Bitcoin founder Satoshi Nakamoto created the very first bitcoins in 2009 as a direct response to the 2008 global financial collapse – a catastrophe aided and abetted by the rampant greed embedded in the banking system. He (or she, or them) wanted to create a currency which could be traded peer-to-peer and circumvent corporations, bankers and governments. While the Bitcoin blockchain accomplishes that, the complexity of blockchain technology coupled with its rapid growth have attracted a whole bunch of middlemen, starting with Bitcoin exchanges.
Because Bitcoin is too intimidating for non-technical participants, the vast majority of it is traded on a large number of different electronic exchanges, each of which exists to make the transfer of bitcoins between buyers and sellers easier. Exchange participants must have a digital “wallet” that can accept as well as dispense bitcoin. Like nearly all exchanges, bitcoin exchanges make money by either charging fees or making a market and collecting the difference between the “bid” and “ask” price of the bitcoins traded on the exchange.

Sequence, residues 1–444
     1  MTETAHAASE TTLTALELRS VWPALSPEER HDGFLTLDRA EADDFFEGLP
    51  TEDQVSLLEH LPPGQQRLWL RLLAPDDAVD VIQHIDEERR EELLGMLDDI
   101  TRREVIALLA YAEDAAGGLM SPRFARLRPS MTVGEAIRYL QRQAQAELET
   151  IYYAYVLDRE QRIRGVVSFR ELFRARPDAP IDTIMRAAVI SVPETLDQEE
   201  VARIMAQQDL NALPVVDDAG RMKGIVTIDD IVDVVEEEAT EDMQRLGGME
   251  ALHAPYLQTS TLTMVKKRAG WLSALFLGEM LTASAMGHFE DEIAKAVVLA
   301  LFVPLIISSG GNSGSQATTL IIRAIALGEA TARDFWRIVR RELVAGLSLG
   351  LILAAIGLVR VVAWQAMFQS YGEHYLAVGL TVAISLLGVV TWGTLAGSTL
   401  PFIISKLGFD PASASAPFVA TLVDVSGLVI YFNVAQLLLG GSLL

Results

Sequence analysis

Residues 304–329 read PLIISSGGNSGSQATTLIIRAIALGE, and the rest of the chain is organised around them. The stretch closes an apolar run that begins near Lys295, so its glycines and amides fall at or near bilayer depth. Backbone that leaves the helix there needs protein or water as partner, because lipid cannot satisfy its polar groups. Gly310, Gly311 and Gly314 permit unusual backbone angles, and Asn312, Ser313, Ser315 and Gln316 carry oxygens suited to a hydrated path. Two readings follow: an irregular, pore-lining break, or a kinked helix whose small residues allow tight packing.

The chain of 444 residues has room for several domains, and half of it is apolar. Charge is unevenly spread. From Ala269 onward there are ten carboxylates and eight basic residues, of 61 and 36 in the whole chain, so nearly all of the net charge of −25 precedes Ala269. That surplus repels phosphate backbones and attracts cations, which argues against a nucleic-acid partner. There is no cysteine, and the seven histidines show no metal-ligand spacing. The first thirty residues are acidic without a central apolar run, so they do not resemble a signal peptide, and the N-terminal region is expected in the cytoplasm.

Traders are expected to “settle up” with the exchange in real time in dollars, yen or whatever currency is used to price Bitcoin on that electronic exchange. Failure of any large exchange participant to settle up, caused by unexpected volatility or a service crash, can negatively impact the viability of the exchange itself and result in losses by exchange participants.
Volatility and Hacking Are Real Threats
Volatility can also wreak havoc with the smooth functioning of an electronic Bitcoin exchange. It hinders the ability of participants to exit or enter positions especially when bid / ask spreads widen precipitously. Many exchanges – even some of the larger, respected ones – will simply stop trading rather than assume the risk of standing on the other side of a transaction that could result in a loss due to volatility. This situation could make it impossible for exchange participants to enter or exit a position.